Monday, 2 April 2012

Land Sector is Central to BAE in India





‘The major investment that we have made in Defence Land Systems India (DLSI) is a recognition that for us this has become a home market. The only way to gain access to a home market is to be onshore and to be national,' Dean McCumiskey, chief executive officer of BAE Systems India, told Shephard at Defexpo India 2012.


DLSI is a joint venture formed in February 2010 between Mahindra & Mahindra, which owns 74%, and BAE Systems which owns a 26% share, the maximum foreign direct investment allowed by the Indian government in the defence sector. One of its first products is the 6x6 Mine Protected Vehicle  which was developed with technology transferred from BAE Systems OMC South Africa. The vehicle is produced at DLSI’s recently opened Specialist Military Vehicles facility at Prithla in India's National Capital Region.
CV90120-T light tank
McCumiskey noted that India's ‘defence market is growing, and equipment buying is growing’. The Indian Ministry of Defence’s Director General (Acquisitions) Vivek Rae said during a DefExpo seminar that ‘you will see a growth in defence modernisation budgets of about 13-14% per year’. The government plans to spend Rs795 billion ($15.27 billion) on procurement during 2012-13.


‘That is why BAE Systems has invested so heavily in , why we have such a large and developing presence’, said McCumiskey. ‘Our strategy is predominantly around land systems. All of our land systems offerings will come through our joint venture and they will be “Indianised”’. 
In 2011 the MoD invited four Indian companies - Larsen & Toubro, the Mahindra Group, the state-owned Ordnance Factory Board and Tata Motors – to submit bids to design and build 2,600 Future Infantry Combat Vehicles (FICVs) to replace the army’s fleet of Russian-designed BMP II IFVs. The requirement is for a vehicle that can be operated by a three-man crew, able to carry seven ‘dismounts’, and armed with a cannon and missiles.


Two of the contenders will be selected to develop prototype vehicles for evaluation with the MoD funding 80% of the development cost. Under the government’s ‘Buy and Make Indian’ approach at least 50% of the proposed designs must be of indigenous content. The MoD wants to maintain two FICV production lines so will select one company to produce 65-70% of the total (Level 1) and a second company the remaining vehicles (Level 2).  It is expected to be India's most expensive defence project to date.
‘We would like to be L1 and that is the whole focus of our strategy, to have the best package, the best vehicle, said McCumiskey.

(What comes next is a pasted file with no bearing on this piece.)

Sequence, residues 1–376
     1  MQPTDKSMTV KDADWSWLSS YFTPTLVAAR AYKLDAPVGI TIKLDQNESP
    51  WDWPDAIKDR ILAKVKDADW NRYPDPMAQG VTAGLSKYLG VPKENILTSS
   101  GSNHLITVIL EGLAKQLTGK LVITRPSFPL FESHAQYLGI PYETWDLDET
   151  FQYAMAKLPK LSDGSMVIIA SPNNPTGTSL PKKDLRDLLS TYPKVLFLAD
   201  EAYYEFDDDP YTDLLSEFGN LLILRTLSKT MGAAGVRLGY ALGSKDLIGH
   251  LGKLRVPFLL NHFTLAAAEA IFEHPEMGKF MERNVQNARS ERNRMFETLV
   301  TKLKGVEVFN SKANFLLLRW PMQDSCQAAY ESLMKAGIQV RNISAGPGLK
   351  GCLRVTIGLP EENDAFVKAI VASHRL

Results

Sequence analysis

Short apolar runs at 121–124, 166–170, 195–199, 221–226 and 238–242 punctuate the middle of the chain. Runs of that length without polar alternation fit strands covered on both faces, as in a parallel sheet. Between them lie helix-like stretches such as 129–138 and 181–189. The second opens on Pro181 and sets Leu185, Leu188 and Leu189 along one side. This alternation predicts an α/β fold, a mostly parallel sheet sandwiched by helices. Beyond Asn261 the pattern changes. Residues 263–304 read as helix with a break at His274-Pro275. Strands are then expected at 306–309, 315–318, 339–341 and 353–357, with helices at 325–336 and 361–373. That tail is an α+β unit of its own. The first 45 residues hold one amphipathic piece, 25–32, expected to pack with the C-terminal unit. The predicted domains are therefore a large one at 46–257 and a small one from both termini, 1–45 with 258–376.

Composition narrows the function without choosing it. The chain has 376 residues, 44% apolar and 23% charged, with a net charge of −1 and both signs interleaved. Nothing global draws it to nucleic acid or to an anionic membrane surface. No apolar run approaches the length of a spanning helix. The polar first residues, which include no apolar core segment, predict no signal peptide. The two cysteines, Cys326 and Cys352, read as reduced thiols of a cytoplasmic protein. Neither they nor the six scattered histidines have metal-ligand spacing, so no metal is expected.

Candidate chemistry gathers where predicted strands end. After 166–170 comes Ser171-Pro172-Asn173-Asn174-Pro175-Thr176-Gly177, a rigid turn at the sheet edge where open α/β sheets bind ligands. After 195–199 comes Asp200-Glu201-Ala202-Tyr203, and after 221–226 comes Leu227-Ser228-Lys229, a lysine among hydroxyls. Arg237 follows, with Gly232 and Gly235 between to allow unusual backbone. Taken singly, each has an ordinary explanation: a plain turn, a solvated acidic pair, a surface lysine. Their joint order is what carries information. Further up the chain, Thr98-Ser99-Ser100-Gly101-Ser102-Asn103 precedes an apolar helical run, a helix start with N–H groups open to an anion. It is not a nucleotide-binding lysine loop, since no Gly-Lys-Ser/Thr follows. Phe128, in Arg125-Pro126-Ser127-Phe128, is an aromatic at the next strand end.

‘It is very exciting because it is the first “Make” programme. It will give us a chance to really Indianise a lot of offshore technology. FICV is not about bringing in a vehicle from somewhere else and making it Indian. It is about bringing in some base technology and developing a vehicle in India so that the intellectual property resides in India. It is a very different mindset to what has been done before, which were really just offsets, producing foreign systems in India.


‘We have a lot of modern technologies in BAE Systems [from projects such as CV90 and SEP] to bring into  to develop a new vehicle which can then be sold on. That will be the first generation. The second generation technology will be developed here.’


McCumiskey believes the 26% FDI limit is a challenge and that the project would possibly move faster if the limit were 49%. BAE Systems will have to consider what return it gets for its technology transfer. Nevertheless, ‘FICV is a huge opportunity, it is part of the reason we have a joint venture in.’ 
McCumiskey is optimistic that the government will approve in the new financial year, which begins on 1 April, the approximately $647 million package to buy 145 M777 lighweight 155mm towed howitzers with Laser Inertial Artillery Pointing Systems and associated parts, equipment, training and logistical support through the US government’s Foreign Military Sale programme. ‘I am sure the Indian Army will be as delighted with it as the Canadian and US armies and the  Marine Corps.’


BAE Systems is keen to assist through DLSI with the modernisation of the FH77B 155mm towed howitzers supplied by Bofors in the late 1980s, before it was acquired by BAE Systems.  McCumiskey said that although the army still needs to clarify its intention about the future of these weapons ‘it is important for us that this project be successful for many reasons. India needs modern artillery’. 
BAE Systems has yet make a final decision about developing the proposed MGS derivative of its Archer 155mm/52cal wheeled self-propelled artillery system for a potential Indian Army requirement. 


The example of the BvS10 MkII armoured all terrain vehicle which is displayed at DefExpo will remain in India for five months of trials and demonstration which is expected to help the army frame its emerging requirement for such a vehicle. McCumiskey believes the BvS10’s suitability for both military and disaster relief operations will appeal to the army.


BAE Systems is also promoting its CV90120, armed with a 120mm smoothbore gun, should the army decide to proceed with a project to acquire a light tank. In October 1999 the service issued a request for information for about 200 wheeled and about 100 tracked light tanks but the project has not moved since

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